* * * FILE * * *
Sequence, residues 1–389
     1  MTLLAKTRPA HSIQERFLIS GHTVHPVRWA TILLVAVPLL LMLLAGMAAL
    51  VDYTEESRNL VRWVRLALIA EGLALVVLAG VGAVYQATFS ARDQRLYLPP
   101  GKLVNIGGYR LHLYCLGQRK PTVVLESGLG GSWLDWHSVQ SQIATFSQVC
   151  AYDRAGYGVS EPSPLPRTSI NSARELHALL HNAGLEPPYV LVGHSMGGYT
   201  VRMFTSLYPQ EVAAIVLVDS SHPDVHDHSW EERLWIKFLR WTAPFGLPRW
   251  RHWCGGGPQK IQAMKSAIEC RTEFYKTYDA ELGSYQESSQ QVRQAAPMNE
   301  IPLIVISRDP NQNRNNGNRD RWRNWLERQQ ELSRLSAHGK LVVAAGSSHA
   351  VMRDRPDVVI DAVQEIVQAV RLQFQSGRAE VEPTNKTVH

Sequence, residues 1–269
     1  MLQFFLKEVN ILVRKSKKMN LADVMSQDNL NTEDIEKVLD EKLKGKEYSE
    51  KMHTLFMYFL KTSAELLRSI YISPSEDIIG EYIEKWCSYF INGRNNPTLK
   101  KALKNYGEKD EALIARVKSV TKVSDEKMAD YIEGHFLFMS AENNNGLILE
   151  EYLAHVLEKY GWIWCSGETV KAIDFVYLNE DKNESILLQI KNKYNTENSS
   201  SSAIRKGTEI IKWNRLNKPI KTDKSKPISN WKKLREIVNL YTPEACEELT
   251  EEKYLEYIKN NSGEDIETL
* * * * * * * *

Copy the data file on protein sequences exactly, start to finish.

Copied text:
Sequence, residues 1–389
     1  MTLLAKTRPA HSIQERFLIS GHTVHPVRWA TILLVAVPLL LMLLAGMAAL
    51  VDYTEESRNL VRWVRLALIA EGLALVVLAG VGAVYQATFS ARDQRLYLPP
   101  GKLVNIGGYR LHLYCLGQRK PTVVLESGLG GSWLDWHSVQ SQIATFSQVC
   151  AYDRAGYGVS EPSPLPRTSI NSARELHALL HNAGLEPPYV LVGHSMGGYT
   201  VRMFTSLYPQ EVAAIVLVDS SHPDVHDHSW EERLWIKFLR WTAPFGLPRW
   251  RHWCGGGPQK IQAMKSAIEC RTEFYKTYDA ELGSYQESSQ QVRQAAPMNE
   301  IPLIVISRDP NQNRNNGNRD RWRNWLERQQ ELSRLSAHGK LVVAAGSSHA
   351  VMRDRPDVVI DAVQEIVQAV RLQFQSGRAE VEPTNKTVH

Sequence, residues 1–269
     1  MLQFFLKEVN ILVRKSKKMN LADVMSQDNL NTEDIEKVLD EKLKGKEYSE
    51  KMHTLFMYFL KTSAELLRSI YISPSEDIIG EYIEKWCSYF INGRNNPTLK
   101  KALKNYGEKD EALIARVKSV TKVSDEKMAD YIEGHFLFMS AENNNGLILE
   151  EYLAHVLEKY GWIWCSGETV KAIDFVYLNE DKNESILLQI KNKYNTENSS
   201  SSAIRKGTEI IKWNRLNKPI KTDKSKPISN WKKLREIVNL YTPEACEELT
   251  EEKYLEYIKN NSGEDIETL